Child Cardiac Arrest in Sports


Can a child suffer from cardiac arrest while playing sports? Actually yes, there have been recorded incidents in football, basketball, hockey, karate and even in soccer. Before everybody begins pulling their child from all sports, let take a look at this very rare condition.

“Commotio Cordis” or a lethal disruption of a child’s heart rhythm, happens when a child receives a blow to the chest at a very specific time during a heartbeat. Usually within a specific 10-30 milliseconds time period. After the heart squeezes out blood, it goes through a resetting process before the next contraction. If a child receives a blow to the chest during this resetting period, the heart can begin to quiver. This quivering action is called ventricular fibrillation and in most situations, the method to cure this condition is called defibrillation, which is done with the use of an AED (Automated External Defibrillator).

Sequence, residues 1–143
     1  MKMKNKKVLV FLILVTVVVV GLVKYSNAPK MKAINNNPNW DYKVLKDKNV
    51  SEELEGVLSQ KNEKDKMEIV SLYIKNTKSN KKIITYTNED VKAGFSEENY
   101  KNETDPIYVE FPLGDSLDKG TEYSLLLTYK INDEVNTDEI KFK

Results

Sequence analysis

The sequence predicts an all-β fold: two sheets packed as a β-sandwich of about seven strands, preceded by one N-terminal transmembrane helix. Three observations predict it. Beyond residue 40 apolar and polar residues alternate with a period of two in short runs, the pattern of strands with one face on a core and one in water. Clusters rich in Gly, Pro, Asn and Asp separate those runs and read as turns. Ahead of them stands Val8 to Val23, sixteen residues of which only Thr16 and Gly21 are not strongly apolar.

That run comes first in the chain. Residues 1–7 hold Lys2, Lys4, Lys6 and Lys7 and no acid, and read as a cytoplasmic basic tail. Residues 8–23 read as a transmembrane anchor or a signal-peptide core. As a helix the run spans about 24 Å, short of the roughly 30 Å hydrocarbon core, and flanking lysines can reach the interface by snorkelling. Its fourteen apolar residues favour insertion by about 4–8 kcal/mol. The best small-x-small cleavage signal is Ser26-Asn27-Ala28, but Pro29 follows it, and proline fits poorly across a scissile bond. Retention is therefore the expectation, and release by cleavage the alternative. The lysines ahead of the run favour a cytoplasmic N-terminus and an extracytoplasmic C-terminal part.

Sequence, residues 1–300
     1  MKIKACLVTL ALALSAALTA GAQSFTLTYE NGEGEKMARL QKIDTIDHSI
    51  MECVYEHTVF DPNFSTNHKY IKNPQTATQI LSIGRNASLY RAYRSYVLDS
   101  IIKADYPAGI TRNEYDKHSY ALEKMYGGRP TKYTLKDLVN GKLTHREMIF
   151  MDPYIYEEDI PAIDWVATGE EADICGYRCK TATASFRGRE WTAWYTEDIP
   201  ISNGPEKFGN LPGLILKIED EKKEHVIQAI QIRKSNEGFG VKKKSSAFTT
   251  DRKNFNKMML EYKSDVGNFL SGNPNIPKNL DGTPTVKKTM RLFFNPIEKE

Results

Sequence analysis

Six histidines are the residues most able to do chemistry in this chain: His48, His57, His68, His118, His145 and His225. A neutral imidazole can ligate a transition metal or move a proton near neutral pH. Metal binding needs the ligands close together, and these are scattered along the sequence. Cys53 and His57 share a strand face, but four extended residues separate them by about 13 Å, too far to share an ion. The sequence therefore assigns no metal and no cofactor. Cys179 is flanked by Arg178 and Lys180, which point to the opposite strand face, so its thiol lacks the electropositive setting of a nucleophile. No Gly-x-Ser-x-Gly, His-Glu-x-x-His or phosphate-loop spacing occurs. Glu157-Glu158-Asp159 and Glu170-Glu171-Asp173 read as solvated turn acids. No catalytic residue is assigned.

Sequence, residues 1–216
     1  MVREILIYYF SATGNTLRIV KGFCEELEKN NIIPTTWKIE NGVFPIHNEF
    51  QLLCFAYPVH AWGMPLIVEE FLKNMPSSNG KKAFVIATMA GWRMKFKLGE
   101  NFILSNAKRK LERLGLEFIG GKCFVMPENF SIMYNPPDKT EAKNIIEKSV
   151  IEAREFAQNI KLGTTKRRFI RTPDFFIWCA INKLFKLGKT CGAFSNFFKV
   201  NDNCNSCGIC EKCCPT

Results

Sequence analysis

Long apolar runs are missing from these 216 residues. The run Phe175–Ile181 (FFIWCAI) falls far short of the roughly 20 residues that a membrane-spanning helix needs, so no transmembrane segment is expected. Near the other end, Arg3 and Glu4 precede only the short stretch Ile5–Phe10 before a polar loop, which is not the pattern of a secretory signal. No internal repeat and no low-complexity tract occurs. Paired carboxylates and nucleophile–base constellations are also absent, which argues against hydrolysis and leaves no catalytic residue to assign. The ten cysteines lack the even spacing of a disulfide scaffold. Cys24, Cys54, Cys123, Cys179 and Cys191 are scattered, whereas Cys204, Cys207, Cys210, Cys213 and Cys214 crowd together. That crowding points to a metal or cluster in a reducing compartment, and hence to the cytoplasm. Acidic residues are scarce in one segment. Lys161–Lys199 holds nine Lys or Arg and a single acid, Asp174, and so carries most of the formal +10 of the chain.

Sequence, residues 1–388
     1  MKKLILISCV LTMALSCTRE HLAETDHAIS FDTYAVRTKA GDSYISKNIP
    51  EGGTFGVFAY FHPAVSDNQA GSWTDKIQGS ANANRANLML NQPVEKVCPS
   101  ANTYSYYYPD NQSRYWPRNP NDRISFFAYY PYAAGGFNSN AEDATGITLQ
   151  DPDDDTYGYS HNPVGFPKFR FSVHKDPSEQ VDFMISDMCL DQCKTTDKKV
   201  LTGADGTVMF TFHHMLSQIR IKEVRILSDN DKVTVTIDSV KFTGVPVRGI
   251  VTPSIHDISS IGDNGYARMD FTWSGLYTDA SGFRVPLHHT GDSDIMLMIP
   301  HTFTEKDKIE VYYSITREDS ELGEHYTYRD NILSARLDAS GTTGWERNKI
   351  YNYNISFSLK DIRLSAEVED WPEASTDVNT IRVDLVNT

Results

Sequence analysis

Though this condition is rare it is best to have coaches and other personnel trained in CPR. Make sure 911 is called immediately and if possible, have your organization consider purchasing and having an AED available.

Studies have shown that resuscitation rates increase dramatically when an AED is used within three minutes of a child going into ventricular fibrillation. The longer it takes for this to happen the chances of survival can decrease sharply. In most cases, waiting for the ambulance to arrive, may be too late.

Commotio cordis is scary, but very rare and is unlikely to happen to your child. Encourage your children to play sports and other physical activities, just be prepared to act in case of an emergency.

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